We all experience crucial moments in our lives, some of which we first see as failures, but in essence are new beginnings. Whether it be breakups, divorce, bankruptcy, jail or death. They usually trigger a sense of regret that can swell up and become overbearing to us. Leading us to ask questions of ourselves such as:

  • What could I have changed?
  • Why did I not see this earlier?
  • Why didn’t I do it this way?

Caught up in the moment, we unconsciously trigger these ‘mindtraps’. Such unconstructive self-questioning prolongs our ability to move forward. It seems quite logical when we stand back and reflect. Subconsciously we are asking this one question ‘How can we change the past to make it better?’. The answer is to let it go and learn from it to begin anew.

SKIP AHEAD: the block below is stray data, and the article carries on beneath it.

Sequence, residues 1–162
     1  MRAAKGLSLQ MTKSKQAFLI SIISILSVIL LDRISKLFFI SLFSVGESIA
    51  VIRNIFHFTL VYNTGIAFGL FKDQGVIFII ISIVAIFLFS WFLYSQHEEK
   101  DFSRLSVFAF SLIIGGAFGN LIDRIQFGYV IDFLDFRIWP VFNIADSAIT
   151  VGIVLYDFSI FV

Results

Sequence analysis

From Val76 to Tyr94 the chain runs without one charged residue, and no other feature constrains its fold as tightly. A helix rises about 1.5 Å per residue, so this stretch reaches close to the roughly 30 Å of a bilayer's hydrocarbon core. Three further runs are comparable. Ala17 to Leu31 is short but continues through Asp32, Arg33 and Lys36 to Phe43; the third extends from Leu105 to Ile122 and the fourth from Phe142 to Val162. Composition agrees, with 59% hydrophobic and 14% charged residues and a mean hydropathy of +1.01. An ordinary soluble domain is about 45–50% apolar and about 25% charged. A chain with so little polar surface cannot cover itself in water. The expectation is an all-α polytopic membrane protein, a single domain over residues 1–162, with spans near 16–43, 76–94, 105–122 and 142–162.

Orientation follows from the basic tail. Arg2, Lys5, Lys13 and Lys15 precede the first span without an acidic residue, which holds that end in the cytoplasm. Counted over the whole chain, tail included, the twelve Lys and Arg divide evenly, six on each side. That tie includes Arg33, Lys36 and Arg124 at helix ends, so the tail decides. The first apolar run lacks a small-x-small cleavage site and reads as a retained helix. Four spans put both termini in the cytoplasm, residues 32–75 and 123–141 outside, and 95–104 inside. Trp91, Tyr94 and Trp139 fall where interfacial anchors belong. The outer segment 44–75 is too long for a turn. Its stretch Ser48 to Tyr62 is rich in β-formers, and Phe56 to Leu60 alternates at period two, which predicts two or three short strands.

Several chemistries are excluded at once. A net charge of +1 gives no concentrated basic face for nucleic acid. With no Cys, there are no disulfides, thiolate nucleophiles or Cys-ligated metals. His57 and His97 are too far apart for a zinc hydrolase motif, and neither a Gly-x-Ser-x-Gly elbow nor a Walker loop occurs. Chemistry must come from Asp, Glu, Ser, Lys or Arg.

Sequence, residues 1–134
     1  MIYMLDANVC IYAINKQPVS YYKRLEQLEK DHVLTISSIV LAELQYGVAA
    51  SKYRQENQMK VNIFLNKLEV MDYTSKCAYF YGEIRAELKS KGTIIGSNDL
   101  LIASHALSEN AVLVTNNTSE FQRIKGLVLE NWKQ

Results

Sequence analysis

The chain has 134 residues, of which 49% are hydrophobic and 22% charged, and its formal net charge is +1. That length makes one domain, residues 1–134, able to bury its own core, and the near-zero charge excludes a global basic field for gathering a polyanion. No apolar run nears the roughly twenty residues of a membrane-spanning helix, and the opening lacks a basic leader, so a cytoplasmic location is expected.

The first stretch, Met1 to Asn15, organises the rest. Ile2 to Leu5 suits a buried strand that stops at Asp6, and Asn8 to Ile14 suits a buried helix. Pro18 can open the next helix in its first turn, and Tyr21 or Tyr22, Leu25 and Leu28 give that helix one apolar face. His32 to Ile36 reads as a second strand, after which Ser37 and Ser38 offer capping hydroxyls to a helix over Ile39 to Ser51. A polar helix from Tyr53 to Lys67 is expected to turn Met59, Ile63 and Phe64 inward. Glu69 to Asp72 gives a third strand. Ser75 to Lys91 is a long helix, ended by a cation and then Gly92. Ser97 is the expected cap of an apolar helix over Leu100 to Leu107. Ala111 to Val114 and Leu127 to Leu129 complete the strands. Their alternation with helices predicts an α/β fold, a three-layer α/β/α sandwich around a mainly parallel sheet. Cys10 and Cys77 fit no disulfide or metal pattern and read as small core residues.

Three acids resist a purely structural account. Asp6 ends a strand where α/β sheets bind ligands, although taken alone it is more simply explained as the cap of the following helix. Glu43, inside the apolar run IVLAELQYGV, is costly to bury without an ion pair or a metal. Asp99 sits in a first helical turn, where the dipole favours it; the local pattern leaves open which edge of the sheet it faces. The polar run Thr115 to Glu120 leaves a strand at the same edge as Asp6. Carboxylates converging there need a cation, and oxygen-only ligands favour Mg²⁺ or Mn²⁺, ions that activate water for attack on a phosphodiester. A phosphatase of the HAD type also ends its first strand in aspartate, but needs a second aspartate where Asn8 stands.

This requires us to successfully pass through three gates to make ourselves stronger. These being:

  • Despondence
  • Acceptance
  • Transformation

The aim for this article is to help you with the realisation of where you are in this process and to provide insights on what it takes to move forward. 


Despondence is a feeling of being trapped in isolation. This feeling that no one can possibly understand us and that there is something really wrong with us. Sometimes caused by our own thoughts or the environment we choose to surround ourselves with. It consists of shame, guilt, despair and above all else, blame.

Blame can be best described as ‘a way to discharge pain and discomfort’ – Dr. Brene Brown. Usually on ourselves, other times we may deflect the blame elsewhere. However, in the end, we place the most blame ourselves as ultimately we are only capable of controlling ourselves. When we feel that we have lost control of ourselves and our actions, we fall into a spiral of despair.